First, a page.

Depending on a user’s setting, the album would automatically download to their Apple device, or simply show up in the list of albums purchased through iTunes. Either way, it has become clear over the last couple of days that the direct marketing blitz hasn’t gone down well with many customers, leaving them confused, angered or annoyed.
“Great! A new U2 album in my iTunes. Now I am just waiting for a McDonald’s cheeseburger in my mailbox,” griped a Twitter user with the handle Mkleebe, one of many who have taken to the microblogging service to express their irritation at the unwelcome Apple gift. Another characterized the move as a “massive privacy breach.”
While some younger users might have been puzzled about getting an album from a band called “U2,” others seemed intent on showing off their disdain for a rock band that reached massive mainstream success long ago. “I was proud of the fact that I never bought a U2 album. Now I have one forced on me by Apple. Thanks for that. I hate U2,” tweeted Jon Willliams on Thursday.
Given Apple’s vaunted reputation as a savvy marketer, the backlash to the free U2 album looks like a rare misstep, and out of character with a usually more subtle approach to promotion. What’s more, the company didn’t really need to throw in the U2 freebie as a sweetener considering pent-up demand for the new, larger iPhone models.
The Apple Store online crashed early Friday from the traffic volume when pre-orders went on sale, and lines are sure to wrap around the company’s physical retail locations when the iPhone 6 and iPhone 6 Plus hit store shelves a week from now. Cook himself called it “the mother of all upgrades.” So why did Apple think it needed to add in the “Songs of Innocence” giveaway?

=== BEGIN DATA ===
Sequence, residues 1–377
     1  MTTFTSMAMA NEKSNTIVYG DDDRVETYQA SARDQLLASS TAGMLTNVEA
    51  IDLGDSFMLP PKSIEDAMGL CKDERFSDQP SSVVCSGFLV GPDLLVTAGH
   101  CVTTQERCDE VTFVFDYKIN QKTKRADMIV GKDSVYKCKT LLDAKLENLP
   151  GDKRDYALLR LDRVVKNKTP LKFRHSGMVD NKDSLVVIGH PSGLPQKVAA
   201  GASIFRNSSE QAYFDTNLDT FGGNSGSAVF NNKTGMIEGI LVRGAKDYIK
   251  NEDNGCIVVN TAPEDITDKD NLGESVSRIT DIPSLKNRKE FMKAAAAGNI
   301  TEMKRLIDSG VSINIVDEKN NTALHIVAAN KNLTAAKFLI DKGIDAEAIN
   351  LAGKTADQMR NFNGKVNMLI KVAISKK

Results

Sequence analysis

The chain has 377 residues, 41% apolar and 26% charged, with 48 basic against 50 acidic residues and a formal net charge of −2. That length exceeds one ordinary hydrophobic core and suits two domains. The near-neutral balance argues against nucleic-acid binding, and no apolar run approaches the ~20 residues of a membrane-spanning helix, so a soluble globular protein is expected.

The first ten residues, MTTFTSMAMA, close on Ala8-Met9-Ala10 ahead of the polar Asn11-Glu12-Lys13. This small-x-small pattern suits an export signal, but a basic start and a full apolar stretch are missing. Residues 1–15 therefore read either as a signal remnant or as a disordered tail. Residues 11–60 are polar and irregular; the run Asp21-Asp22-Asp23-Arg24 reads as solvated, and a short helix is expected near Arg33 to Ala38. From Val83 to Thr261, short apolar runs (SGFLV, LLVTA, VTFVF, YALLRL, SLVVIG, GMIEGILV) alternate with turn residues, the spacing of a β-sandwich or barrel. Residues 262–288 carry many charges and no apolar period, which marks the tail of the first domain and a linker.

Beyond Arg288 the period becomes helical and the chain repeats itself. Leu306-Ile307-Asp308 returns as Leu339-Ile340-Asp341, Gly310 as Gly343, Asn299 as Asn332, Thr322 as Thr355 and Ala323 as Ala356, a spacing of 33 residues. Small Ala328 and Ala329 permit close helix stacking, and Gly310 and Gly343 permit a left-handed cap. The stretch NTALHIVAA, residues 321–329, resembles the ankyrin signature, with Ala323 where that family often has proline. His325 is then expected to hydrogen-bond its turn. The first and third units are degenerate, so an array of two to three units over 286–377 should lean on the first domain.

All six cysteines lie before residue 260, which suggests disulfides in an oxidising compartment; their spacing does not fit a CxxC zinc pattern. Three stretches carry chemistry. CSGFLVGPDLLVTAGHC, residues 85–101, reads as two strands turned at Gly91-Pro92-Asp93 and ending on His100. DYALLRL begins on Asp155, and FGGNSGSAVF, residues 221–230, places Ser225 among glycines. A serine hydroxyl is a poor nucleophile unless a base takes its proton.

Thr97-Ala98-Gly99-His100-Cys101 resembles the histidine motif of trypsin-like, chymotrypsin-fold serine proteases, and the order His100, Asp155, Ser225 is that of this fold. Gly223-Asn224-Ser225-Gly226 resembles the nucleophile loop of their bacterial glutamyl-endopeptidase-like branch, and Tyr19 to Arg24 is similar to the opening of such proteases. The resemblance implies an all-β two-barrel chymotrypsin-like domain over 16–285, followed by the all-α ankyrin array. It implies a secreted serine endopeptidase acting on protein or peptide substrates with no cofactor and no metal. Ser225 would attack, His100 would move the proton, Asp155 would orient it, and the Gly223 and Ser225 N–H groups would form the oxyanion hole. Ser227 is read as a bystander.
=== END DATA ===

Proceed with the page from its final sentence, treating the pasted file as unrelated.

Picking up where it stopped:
Had Apple simply announced the album was free for users to proactively download from iTunes, it would have avoided the backlash that unfolded. And in an online essay Tuesday, Bono himself seemed to acknowledge that some people might not be crazy about having the 11 new U2 songs pushed to their iTunes accounts.
“And for the people out there who have no interest in checking us out, look at it this way . . . the blood, sweat and tears of some Irish guys are in your junk mail," he wrote.
The episode, in any case, should be instructive for marketers. Even for one of the most popular rock bands of all time — and one of the most successful consumer electronics companies — bypassing the opt-in approach for online campaigns or promotions can produce the reverse reaction, even for free trials. And if your brand isn’t as durable as Apple or U2, it could have more damaging effects.